“…for those who wonder how it all started…”
The Palm Beach Post October 26, 1984: Most of us have probably seen enough break dancing to last us several lifetimes. For those who still wonder how it all started, a new book has come out called Hip Hop by Steven Hager, who tells us, among other things, that the graffiti sprouted on subways and walls were started by a young Greek named Taki, who put his first tag on an ice-cream truck in 1970.
“…formidable job of reporting…”
Knight-Ridder News Service March 30, 1985: Hip Hop takes its title from the street term for the entire urban subculture of rap music, break dancing, and graffiti art. The book comes packaged as if it were a bit of fluff intended to capitalize on the break dancing craze. The text, however, is a formidable job of reporting. Hager, a former reporter for the New York Daily News, tracked down many of rap’s most elusive figures, like the South Bronx disk jockeys who played the first rap records on turntables set up on street corners, and the earliest rappers, whose performances were given a parties and on inner-city playgrounds. The result is a description of a vibrant subculture.—Ken Tucker
“…fine investigative report…”
Voice of Youth Advocates: New York journalist Hager, who followed the hip hop scene for years before mass appeal set in, does a fine investigative report here. His sources: the horse’s mouth. The book is full of quotes of original New York hip hoppers he has interviewed: graffiti artists such as Futura 2000 who began “writing” on subway trains and now commands thousands of dollars in commissions, deejays such as Grandmixer DST who reveals here the secrets of his “scratchin’” technique, rappers who record their staccato rhymes now but whose tradition extends back to prisoners composing rhyming fables called toasts, and break dancers in hit films who began as street gang warriors. Their voices give Hager’s account authenticity.—Cathi Edgerton
“…explains how hip hop happened…”
The Boston Herald December 9, 1984: Hip Hop was written by Steven Hager, a longtime reporter on the musical and artistic subculture that’s rocked the world after busting out of New York’s slums. This serious but not heavy-handed guide explains how hip hop happened and what it’s all about.
New York Daily News: Steven Hager’s Hip Hop isn’t a definitive study but, considering how hard it is to get information on the street culture of the South Bronx (few written sources, many reluctant or self-serving informants), it’s impressive.—David Hinckley
“…hits home with little-known facts…”
Billboard Sept. 15, 1984: Hager hits home with some little-known facts: that blacks were performing a form of break dancing in the mid-70s and at some point abandoned it, to be revived by Latin males, that graffiti artists often collect in “gangs” to study each other’s technique and avoid police while utilizing their favorite canvasses, New York City subway cars, and that a Bronx DJ named Kool Herc played a crucial role in the development of hip-hop music. —Nelson George
KLIAT January 1985: This fascinating book is not a how-to manual, but a discussion of the evolution of Hip Hop, that subculture of dance, art and music that started in the South Bronx. He doesn’t romanticize Hip Hop, but he doesn’t treat it condescendingly either. An excellent book Hip Hop is worth owning. —F.L.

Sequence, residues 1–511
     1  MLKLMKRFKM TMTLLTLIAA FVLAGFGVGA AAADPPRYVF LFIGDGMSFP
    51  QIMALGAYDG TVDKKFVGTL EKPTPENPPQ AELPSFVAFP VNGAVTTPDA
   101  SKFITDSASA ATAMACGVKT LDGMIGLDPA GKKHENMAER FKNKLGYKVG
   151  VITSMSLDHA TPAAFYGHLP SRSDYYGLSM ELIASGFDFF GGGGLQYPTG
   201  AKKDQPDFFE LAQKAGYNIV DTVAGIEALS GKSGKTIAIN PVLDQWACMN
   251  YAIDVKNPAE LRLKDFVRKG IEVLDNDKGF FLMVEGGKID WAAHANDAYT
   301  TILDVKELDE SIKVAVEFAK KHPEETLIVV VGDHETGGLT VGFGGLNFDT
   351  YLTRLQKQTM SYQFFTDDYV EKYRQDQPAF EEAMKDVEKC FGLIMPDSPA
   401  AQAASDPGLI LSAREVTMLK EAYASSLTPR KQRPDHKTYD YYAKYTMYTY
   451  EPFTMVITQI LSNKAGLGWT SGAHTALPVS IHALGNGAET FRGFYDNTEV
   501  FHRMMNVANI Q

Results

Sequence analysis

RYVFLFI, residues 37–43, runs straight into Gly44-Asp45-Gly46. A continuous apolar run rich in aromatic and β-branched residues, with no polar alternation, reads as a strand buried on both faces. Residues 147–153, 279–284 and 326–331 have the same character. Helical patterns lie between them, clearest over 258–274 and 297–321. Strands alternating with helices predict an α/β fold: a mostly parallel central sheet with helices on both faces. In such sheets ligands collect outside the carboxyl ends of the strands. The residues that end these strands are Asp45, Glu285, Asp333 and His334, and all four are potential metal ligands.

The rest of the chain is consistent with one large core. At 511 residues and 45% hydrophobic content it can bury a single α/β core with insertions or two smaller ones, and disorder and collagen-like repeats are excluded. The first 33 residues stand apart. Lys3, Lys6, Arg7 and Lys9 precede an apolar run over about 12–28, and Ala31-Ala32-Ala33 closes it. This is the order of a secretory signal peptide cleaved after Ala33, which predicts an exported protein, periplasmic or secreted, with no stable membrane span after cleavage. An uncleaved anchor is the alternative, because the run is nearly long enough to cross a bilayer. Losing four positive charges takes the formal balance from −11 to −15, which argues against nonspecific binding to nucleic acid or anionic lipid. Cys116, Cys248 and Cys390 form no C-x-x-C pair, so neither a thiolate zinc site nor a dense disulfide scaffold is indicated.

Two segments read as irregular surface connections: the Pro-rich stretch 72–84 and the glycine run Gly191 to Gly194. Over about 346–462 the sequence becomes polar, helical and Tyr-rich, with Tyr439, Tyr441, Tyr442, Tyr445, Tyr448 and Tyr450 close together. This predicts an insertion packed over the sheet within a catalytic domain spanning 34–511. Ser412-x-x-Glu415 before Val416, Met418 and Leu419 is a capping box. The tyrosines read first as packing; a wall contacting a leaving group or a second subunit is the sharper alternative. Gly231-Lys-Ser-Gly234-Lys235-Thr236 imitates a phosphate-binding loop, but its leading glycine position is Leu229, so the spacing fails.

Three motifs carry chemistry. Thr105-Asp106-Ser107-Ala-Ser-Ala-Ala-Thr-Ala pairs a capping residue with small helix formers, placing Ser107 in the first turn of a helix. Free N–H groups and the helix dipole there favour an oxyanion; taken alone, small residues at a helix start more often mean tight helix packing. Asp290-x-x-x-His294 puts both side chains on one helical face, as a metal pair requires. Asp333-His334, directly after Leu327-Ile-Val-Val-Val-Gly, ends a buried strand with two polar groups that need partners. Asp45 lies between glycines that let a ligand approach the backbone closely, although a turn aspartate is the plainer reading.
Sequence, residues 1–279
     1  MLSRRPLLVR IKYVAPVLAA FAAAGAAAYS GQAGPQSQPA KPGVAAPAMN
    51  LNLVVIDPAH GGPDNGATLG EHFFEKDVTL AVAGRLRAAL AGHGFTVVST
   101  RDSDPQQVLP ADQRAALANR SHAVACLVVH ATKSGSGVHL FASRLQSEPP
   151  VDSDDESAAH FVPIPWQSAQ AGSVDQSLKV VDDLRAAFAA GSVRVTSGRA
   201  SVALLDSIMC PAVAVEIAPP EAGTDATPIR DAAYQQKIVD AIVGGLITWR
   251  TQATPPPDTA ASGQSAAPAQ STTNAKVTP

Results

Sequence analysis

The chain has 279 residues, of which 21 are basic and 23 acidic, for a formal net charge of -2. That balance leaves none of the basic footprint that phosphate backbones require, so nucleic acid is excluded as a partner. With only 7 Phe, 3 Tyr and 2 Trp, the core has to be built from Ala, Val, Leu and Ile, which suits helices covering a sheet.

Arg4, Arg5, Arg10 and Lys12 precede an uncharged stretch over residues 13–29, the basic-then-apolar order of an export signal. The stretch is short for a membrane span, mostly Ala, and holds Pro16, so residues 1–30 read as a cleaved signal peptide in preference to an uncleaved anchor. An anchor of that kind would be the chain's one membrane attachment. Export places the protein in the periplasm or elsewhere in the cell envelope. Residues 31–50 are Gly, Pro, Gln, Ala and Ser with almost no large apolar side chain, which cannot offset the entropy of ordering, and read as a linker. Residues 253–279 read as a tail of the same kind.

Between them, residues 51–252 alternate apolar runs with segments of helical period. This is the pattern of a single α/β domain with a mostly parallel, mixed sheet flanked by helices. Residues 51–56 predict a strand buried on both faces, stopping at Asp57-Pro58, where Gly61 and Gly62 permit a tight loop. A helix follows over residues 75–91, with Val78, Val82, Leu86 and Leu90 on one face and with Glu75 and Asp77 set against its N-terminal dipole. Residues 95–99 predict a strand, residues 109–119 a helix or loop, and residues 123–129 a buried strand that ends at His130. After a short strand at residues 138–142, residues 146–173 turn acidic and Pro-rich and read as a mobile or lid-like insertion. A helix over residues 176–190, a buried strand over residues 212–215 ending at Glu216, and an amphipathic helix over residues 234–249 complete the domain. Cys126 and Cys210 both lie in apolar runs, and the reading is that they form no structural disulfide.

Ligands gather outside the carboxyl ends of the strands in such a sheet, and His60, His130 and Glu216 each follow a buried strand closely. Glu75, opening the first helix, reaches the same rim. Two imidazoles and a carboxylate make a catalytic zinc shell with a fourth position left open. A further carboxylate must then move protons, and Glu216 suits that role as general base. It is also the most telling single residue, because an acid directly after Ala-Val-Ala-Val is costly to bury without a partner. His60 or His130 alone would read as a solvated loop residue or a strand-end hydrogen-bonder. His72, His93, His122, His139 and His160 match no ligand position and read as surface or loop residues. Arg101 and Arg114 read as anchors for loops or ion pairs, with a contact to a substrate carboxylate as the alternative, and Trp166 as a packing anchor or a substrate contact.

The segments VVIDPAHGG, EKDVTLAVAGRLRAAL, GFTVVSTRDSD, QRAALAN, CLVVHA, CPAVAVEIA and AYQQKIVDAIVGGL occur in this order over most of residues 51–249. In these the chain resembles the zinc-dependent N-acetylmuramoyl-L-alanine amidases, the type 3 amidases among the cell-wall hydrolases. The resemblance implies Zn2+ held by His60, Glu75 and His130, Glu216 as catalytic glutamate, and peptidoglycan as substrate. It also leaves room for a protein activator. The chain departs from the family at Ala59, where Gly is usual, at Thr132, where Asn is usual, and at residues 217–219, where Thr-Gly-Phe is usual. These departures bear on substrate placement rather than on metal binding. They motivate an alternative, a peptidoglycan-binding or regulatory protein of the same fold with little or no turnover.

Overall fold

“…the best read on the subject…”
East Village Eye: Steven Hager’s new book Hip Hop is certainly the best read to be found on the subject. Hager was the first major writer to pick up on the movement, and he remains the best. His book encompasses the entire spectrum. —James Marshall
“…messy, ego-obsessed scrawls…”
New Musical Express September 22, 1984: There seems to be an inability to ridicule the more ridiculous aspects (like the graffiti artist who arrived at a rival’s house with a shooter threatening to use it unless he changed his pen-name). He also shares the age-old white critic’s fallibility of reading more importance than is necessary into black man’s art—most of the illustrations herein show street graffiti to be messy ego-obsessed scrawls. —Gavin Martin
“…obsolete as last month’s Magic Marker….”
Heavy Metal Feb/March, 1985: The walk from the South Bronx to the Lower East Side is long, and Hip Hop is like the view from a Greyhound bus. Encompassing break dancing, rapping, scratching, and street fashion, spanning from the present day New York back into the beyond, Hip Hop is a lot to digest. Even worse, the bleached-out black-and-white pages lack the visual beauty of their subject. Writer Steven Hager has renovated his Soho News and Village Voice articles to dissertation length, and even tacked on a glossary and bibliography that will, if we know Hip Hop, be obsolete as last month’s Magic Marker. —SM
“…formidable job of reporting…”
To purchase a copy of Hip Hop click the link at the top-right of this page.
I recently re-published my first ebook on smashwords.com, which is a little like bandcamp.com in that it makes the process of selling a book so simple anyone with no technical expertise can suddenly create their own fully-loaded commercial website. I highly recommend other authors check out this site. It has loads of free books available and many of the books sell for 99 cents (which is the lowest price they allow). Since the hardback copy of Hip Hop sells for upwards of $500 (when you can find it) being able to download this ebook version (in virtually any format for any viewing device) for $4.99 is a boon to anyone interested in researching the origins of the dominant cultural movement of our time. The book was recently updated with never-before-seen exclusive photos and images, so if you downloaded an earlier version (at a cheaper price), be sure and load this new one for free. That’s the real beauty of ebooks. They keep getting better and the updated version are always free.
Please visit my smashwords site, most of my ebooks are free to read. Click on the link at the top of the column on the right.